However, the production level, which has been hovering between 1.8 million barrels and 2 million barrels per day, has reduced drastically from the about 1.4 billion mid this month to below 1 million, causing shivers in the industry sector that it may take some time before the production could boom again.

Nigeria’s crude oil has been the preferred grade in the international market due to its low sulfur content.

Nigeria’s crude oil production which had hovered between 1.8 million and 2 million barrel per day had dropped further, as the Shell Petroleum Development Company (SPDC) Monday shut in production of 130,000 barrels per day owing to an attack on its Nembe Creek trunk line.

The Movement for the Emancipation of the Niger Delta (MEND) had last week vowed to renew pipeline attacks within 30 days in protest against a statement credited to the Acting Group Managing Director of the Nigerian National Petroleum Corporation (NNPC), Alhaji Abubakar Yar’Adua, that the corporation paid militants about $16 million to enable it access the damaged Chanomi Creek pipeline for repairs.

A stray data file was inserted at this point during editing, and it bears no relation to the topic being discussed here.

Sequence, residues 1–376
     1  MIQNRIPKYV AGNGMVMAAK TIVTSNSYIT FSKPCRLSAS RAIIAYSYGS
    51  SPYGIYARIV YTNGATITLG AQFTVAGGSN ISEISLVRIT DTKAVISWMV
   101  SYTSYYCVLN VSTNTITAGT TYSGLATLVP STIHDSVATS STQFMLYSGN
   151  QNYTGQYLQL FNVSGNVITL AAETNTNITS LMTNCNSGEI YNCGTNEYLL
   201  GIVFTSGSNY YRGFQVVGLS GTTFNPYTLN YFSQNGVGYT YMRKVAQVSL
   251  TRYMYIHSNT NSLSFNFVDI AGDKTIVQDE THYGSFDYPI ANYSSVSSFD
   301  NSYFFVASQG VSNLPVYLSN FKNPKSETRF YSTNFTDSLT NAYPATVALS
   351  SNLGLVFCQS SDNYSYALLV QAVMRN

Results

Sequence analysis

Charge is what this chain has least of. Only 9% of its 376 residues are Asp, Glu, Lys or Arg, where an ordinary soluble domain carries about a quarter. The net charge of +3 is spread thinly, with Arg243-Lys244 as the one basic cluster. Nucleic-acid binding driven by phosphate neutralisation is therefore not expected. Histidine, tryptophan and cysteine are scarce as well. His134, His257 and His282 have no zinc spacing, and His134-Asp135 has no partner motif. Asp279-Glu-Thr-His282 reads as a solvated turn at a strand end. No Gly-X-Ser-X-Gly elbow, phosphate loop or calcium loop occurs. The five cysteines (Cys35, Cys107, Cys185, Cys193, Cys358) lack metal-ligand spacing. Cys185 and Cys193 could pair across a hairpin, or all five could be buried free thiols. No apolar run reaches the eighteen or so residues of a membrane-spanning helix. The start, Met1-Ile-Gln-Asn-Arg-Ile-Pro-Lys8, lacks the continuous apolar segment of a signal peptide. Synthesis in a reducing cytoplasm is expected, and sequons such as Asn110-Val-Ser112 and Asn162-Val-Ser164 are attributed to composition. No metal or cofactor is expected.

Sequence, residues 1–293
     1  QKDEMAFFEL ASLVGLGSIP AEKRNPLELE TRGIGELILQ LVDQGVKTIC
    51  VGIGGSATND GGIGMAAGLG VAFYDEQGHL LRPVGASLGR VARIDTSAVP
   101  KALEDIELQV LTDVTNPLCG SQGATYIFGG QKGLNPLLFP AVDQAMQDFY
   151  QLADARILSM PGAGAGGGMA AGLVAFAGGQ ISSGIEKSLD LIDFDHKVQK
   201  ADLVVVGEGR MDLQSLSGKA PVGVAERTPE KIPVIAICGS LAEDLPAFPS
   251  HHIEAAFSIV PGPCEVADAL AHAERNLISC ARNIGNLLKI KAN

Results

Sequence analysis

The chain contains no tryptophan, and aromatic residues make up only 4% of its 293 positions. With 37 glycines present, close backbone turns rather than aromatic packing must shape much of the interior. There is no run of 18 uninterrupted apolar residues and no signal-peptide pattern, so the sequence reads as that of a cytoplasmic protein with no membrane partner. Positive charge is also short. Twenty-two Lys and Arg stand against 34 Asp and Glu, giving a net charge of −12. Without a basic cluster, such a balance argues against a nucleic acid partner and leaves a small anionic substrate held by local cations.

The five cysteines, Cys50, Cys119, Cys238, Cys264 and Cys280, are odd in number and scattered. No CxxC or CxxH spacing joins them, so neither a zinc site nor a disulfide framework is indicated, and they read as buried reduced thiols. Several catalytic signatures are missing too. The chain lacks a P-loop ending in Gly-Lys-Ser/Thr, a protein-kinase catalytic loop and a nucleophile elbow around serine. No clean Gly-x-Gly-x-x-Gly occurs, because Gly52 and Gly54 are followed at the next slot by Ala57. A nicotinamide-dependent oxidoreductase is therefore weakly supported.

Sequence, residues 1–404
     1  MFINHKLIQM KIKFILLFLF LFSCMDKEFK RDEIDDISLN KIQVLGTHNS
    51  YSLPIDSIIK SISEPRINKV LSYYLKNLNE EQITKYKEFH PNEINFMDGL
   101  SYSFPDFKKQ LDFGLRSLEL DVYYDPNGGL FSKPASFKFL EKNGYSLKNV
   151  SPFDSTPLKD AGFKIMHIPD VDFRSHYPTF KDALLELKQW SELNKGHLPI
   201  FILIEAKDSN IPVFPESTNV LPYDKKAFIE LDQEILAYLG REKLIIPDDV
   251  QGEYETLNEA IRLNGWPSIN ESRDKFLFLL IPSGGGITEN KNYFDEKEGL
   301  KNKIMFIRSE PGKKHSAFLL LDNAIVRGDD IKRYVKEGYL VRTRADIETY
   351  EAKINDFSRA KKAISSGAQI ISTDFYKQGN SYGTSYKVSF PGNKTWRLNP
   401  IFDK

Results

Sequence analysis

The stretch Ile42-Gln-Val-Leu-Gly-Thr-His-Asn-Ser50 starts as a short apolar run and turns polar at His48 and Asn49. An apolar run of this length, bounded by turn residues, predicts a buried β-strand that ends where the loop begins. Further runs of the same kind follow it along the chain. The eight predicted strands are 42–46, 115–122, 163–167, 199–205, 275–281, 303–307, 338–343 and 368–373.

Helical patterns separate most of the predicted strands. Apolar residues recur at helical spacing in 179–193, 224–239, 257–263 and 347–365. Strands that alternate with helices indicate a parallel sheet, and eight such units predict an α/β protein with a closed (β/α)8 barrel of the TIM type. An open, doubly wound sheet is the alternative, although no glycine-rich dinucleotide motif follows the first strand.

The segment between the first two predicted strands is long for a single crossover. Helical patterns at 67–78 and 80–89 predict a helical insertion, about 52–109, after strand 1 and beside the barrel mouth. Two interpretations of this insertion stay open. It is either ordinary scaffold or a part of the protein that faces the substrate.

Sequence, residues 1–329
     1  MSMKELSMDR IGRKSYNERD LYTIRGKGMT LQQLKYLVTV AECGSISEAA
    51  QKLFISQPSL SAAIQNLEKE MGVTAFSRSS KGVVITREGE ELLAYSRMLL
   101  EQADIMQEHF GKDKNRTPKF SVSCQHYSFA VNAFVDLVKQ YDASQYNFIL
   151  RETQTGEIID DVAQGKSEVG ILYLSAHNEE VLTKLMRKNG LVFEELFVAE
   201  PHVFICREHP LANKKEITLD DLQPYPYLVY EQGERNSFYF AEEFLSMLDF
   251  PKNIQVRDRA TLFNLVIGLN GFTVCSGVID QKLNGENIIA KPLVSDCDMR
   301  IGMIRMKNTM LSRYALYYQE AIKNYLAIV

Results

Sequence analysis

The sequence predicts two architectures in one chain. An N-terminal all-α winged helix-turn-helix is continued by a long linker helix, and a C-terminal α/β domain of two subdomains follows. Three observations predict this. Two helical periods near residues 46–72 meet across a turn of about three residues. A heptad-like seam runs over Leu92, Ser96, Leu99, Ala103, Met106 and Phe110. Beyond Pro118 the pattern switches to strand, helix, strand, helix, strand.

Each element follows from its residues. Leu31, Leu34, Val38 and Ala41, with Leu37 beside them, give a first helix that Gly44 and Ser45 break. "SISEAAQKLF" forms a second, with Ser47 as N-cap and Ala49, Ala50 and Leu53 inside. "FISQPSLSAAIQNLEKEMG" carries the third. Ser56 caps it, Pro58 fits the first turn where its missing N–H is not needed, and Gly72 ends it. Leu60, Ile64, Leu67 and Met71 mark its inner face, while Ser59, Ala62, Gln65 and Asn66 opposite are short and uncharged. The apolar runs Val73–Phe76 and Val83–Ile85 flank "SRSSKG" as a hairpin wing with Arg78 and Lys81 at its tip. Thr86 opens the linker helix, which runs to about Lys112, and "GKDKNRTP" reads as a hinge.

The corporation had since debunked the report, insisting that it paid the communities and not any militant group in order to have access to the pipeline.

Niger Delta militants had earlier blown up the Chanomi Creek pipeline, which feeds the Warri and Kaduna Refineries in 2006.

The development had forced the country to import all its petroleum products as the two refineries as well as the Port Harcourt Refinery were out of operation.

MEND spokesman, Jomo Gbomo, who signed the statement, had said the action was “in keeping with our pledge to resume pipeline attacks within the next 30 days”.

The Nembe Creek line was last attacked on May 26, prompting SPDC to declare a “force majeure” on Bonny Light crude exports for June and July.

Force majeure is a legal clause that allows producers to miss contracted deliveries because of circumstances beyond their control.

 

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One Response to “Nigeria's Oil Production Drops Below 1 Million Barrels Per Day”

  1. EZEKIEL ISHAYA MABWEH says:

    please Nigeria should regulate the expliotation of crude oil.